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What should Microsoft’s acquisition mean for Nokia?

With Microsoft’s recent acquisition of Nokia we are left wondering whether the Microsoft blanket will be absorbing the Nokia brand, or whether they will be kept as two separate entities.

We gathered the opinions of our panel of UK consumers, to see which outcome they preferred. Discover in this report some very interesting results we have received.

We ran initial Net Promoter Score analysis on the Nokia and Microsoft, below are the results. Net Promoter Scores range between -100 and +100, they are calculated by the number of detractors to the brand subtracted from the promoters. Find out more about Net Promoter Scores.

From the above chart you can see both brands did not score too well with the panel when it came to Net Promoter Score analysis. Nokia scoring particularly badly with -52.51, although this did not neccessarily mean that the panel wanted to see Nokia rebrand to Microsoft.

“Wow, Nokia, that was my first phone!”

A number of the panel associated Nokia with the history of mobile phones, with almost all of the panel commenting that their first phone was a Nokia – fondly remembering how durable and reliable the 3310 was, crowning it ‘the indestructible phone’.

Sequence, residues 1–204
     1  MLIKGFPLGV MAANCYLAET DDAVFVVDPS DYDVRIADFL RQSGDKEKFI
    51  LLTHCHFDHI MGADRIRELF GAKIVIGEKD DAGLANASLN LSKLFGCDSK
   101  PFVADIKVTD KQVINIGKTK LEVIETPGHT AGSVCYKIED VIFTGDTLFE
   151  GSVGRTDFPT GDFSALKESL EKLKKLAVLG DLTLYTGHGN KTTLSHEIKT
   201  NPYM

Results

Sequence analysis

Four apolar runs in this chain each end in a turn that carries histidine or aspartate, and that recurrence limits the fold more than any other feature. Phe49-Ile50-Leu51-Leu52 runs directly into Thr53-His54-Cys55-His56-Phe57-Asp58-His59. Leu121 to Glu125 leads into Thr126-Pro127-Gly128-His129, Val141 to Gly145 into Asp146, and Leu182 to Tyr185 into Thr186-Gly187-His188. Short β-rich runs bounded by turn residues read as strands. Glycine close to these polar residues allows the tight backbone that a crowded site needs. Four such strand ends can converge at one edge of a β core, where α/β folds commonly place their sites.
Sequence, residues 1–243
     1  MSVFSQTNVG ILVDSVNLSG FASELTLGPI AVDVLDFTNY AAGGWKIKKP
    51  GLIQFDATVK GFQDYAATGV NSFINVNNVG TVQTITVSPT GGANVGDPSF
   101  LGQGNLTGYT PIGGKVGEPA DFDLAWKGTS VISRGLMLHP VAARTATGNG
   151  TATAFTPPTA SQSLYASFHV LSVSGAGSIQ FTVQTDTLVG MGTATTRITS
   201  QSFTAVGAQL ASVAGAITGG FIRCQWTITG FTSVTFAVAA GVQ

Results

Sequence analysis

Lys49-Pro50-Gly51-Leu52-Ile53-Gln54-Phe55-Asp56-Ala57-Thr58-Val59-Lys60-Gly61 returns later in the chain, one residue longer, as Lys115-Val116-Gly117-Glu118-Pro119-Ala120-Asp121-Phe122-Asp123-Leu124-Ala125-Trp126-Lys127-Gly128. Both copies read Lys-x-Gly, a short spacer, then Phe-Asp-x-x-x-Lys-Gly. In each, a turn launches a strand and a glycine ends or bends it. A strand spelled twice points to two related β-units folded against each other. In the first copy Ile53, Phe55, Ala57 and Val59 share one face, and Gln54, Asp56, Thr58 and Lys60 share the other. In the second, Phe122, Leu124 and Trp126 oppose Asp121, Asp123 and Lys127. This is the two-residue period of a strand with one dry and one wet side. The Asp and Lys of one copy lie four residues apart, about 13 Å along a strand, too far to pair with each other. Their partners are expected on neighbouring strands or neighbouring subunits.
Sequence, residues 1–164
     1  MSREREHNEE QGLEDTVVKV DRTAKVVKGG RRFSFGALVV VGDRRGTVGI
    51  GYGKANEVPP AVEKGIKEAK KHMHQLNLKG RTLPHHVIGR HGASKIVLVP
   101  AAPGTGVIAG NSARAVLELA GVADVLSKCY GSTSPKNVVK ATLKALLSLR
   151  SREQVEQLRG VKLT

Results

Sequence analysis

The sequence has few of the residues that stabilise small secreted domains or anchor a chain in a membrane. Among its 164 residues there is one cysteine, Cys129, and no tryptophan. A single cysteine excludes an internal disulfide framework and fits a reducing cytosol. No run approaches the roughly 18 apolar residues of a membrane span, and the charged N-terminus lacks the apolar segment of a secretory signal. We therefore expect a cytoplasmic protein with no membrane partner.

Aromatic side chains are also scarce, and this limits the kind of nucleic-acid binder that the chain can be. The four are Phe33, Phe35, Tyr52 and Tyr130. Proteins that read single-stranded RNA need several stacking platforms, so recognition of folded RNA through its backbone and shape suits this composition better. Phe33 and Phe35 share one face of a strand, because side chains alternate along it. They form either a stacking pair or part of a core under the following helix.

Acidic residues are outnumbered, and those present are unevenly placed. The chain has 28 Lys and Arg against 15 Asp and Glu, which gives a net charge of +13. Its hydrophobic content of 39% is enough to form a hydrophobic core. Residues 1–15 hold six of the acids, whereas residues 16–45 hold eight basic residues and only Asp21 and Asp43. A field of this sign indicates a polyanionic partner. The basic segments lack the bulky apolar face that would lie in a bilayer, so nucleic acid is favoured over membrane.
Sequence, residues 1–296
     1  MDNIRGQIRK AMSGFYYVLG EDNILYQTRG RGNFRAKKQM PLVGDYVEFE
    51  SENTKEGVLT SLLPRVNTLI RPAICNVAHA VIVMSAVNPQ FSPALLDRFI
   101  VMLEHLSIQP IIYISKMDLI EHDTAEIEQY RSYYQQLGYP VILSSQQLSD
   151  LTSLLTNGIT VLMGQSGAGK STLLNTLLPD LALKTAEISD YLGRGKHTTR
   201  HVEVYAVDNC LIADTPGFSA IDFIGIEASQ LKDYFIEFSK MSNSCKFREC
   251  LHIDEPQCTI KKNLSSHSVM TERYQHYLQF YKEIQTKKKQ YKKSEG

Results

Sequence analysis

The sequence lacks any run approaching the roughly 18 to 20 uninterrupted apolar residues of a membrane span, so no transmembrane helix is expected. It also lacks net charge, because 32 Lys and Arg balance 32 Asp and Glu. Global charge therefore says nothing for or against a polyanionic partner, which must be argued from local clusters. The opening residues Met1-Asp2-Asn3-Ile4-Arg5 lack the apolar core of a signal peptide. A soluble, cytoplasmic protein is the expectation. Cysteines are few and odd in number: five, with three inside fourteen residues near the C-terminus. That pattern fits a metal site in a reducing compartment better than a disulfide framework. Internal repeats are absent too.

Although many felt that as the mobile phone market progressed, and the product offering improved, Nokia did not keep up with competitors, and is no longer as established or up there in terms of technology in comparison to Apple or Samsung.

Many felt that the Nokia brand is in desperate need of a rebrand, in spite of that they did not necessarily think that a complete rebrand to become Microsoft phones was the right idea. 64% wanted to see Nokia and Microsoft stay as two separate brands, which is surprising as the Microsoft brand was much more appealing to the panel when it came to Net Promoter Scores.

Some of the panel felt that Microsoft phones just didn’t sound right, others mentioned that although Microsoft is synonymous with the tech industry they are perceived as not too reliable (specifically after the latest Window 8 release).

However, there was a general feeling that Microsoft are in the tablet market already, that the company could bring a new lease of life to the old and tired Nokia brand – bringing fresh and differentiating ideas.

 

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